Commend Twitter for Standing Up to Government Violations of Privacy


Target: Dick Costolo, CEO of Twitter

Goal: Commend Twitter’s refusal to cooperate with the National Security Agency’s unlawful seizure of private data

It has come to light that the National Security Agency has been secretly monitoring and storing the online of activities and personal information of all Americans. It has done this as part of a secret program named PRISM, through which the government has gathered and stored the personal information of American citizens from telecommunications and tech companies such as Google, Yahoo, Apple, and Microsoft. This information comes on the heels of the revelation that a secret FISA court had ordered wireless carrier Verizon to turn over all of its customers metadata to the NSA and forbade Verizon from disclosing this data seizure to the public.

Noticeably absent from these still-unfolding scandals is microblogging service Twitter. Twitter has refused to cooperate with these unlawful and unconscionable seizures of private information. The company has a history of resisting orders that it has felt were unlawful or violative of their users’ privacy. Twitter spokesman Jim Prosser has stated, “Twitter users own their Tweets. They have a right to fight invalid government requests, and we stand with them in that fight.”

The Fourth Amendment guarantees all people in this nation protection against “unreasonable searches and seizures”, requires a showing of particular suspicion for the issuance of a warrant, mandates that warrants be limited in scope. Even in cases where searches don’t require a warrant, our nation’s Supreme Court has interpreted the Fourth Amendment as requiring “individualized suspicion” for that search to be carried out, and has denounced “suspicionless searches”. These massive data seizures on ordinary individuals, persons not suspected of any particularized criminal conduct, constitutes a direct assault upon the Fourth Amendment, and they are made all the more disturbing by the complicity of our nation’s most powerful and profitable tech companies in the secret violation of their customers’ trust. Twitter deserves commendation for standing against this culture of corruption and secrecy.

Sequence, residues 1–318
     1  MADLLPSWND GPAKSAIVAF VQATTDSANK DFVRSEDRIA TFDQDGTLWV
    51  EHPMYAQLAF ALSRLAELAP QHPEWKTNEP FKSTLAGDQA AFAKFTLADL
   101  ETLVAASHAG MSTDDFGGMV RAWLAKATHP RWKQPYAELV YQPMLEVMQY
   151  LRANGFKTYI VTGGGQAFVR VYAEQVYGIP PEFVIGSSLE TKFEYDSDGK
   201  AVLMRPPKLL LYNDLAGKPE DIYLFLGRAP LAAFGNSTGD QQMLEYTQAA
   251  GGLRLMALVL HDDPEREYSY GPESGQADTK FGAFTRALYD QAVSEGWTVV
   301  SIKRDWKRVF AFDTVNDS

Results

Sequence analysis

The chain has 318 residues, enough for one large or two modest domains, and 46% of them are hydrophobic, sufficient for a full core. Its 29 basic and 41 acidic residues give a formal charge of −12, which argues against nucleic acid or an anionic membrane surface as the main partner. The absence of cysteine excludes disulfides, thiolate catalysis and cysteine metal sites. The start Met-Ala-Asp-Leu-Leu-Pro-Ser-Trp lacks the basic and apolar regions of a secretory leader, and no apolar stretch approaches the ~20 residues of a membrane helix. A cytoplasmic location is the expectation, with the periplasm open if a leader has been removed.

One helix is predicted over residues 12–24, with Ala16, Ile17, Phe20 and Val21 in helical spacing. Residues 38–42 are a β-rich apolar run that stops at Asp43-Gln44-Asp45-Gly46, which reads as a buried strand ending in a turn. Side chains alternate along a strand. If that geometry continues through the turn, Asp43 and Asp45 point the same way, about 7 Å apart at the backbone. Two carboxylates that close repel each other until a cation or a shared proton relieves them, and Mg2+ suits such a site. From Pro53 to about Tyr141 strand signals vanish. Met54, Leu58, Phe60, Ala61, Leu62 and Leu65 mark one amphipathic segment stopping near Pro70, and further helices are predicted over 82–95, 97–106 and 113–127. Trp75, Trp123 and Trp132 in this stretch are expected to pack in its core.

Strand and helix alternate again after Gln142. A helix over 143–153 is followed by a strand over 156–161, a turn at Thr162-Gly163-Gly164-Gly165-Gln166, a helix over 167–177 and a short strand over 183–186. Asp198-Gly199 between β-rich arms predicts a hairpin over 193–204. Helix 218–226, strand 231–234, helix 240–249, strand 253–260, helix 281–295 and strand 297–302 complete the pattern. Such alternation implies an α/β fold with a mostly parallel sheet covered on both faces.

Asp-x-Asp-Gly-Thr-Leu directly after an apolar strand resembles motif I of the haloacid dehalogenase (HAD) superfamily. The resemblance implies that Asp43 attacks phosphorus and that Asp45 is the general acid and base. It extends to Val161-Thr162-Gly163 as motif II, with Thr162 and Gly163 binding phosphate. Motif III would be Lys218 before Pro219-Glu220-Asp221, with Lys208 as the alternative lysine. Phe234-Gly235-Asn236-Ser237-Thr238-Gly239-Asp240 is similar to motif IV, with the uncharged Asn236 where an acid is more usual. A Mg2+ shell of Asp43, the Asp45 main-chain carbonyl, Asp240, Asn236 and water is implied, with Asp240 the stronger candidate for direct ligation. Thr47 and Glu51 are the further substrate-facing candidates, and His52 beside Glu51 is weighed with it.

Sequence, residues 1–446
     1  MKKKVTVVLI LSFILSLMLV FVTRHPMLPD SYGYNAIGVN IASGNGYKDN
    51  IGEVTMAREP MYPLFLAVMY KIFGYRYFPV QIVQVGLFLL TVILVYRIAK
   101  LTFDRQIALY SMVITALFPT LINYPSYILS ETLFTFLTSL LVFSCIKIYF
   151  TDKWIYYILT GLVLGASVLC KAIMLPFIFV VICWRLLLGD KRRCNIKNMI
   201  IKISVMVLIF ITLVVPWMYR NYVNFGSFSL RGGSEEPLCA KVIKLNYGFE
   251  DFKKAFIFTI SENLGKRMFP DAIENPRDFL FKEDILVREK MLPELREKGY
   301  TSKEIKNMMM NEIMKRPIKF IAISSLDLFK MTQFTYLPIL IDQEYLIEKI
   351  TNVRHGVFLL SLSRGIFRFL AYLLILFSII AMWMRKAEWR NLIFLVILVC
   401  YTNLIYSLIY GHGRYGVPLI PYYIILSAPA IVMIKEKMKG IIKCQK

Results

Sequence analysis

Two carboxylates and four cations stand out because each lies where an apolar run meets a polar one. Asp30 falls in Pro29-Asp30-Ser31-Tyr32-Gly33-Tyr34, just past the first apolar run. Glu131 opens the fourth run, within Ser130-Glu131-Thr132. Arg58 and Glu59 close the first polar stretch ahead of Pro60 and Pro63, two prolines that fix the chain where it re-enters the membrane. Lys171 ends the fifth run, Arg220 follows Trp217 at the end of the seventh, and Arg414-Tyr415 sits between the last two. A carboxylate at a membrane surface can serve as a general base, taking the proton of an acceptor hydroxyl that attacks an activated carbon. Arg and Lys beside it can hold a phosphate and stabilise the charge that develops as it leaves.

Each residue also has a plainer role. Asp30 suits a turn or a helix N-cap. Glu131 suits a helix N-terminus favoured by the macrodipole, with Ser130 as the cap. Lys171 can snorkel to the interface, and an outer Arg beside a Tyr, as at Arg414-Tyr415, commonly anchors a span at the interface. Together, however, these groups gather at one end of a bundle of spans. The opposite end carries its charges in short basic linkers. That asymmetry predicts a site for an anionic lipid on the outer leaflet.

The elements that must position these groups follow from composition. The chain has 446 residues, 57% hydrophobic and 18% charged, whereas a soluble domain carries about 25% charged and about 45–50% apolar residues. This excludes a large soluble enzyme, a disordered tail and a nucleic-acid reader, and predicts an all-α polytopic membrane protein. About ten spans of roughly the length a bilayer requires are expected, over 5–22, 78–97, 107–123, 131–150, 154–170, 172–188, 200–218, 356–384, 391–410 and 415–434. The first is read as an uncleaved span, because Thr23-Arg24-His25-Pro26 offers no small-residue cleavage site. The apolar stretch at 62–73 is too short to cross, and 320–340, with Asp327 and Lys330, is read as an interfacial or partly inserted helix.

Dear Dick Costolo,

I would like to thank you and your company for your defense of your users’ privacy and opposition to invalid government requests. In particular, thank you for refusing to cooperate with the NSA’s secretive PRISM program, which is purported to record all online activities of all Americans. It is heartening to see a tech company stand up to the United States government on behalf of the American people, and we applaud you for it. I am writing to express my support and to encourage you to stand strong against future requests to turn over the personal information of your service’s users.

Technology promises to foster communication, to aid in the quest for knowledge, and to lead to more a more open, democratic society. But the very technologies which could, if used for good, elevate the human spirit and bring about a better world could just as easily bolster the power of the already mighty, and lead to a society of surveillance and oppression. It is saddening to learn that some of the largest and most trusted companies in the tech sector—Yahoo, Google, Microsoft, Apple—have complied with a program that treats all Americans as if they were guilty until proven innocent, criminal suspects by their mere existence. I hope that you will continue to stand for your users’ rights, and for the good in technology, and urge your colleagues in the tech sector to do the same.


[Your Name Here]

Photo Credit:  Paul Snelling via Flickr

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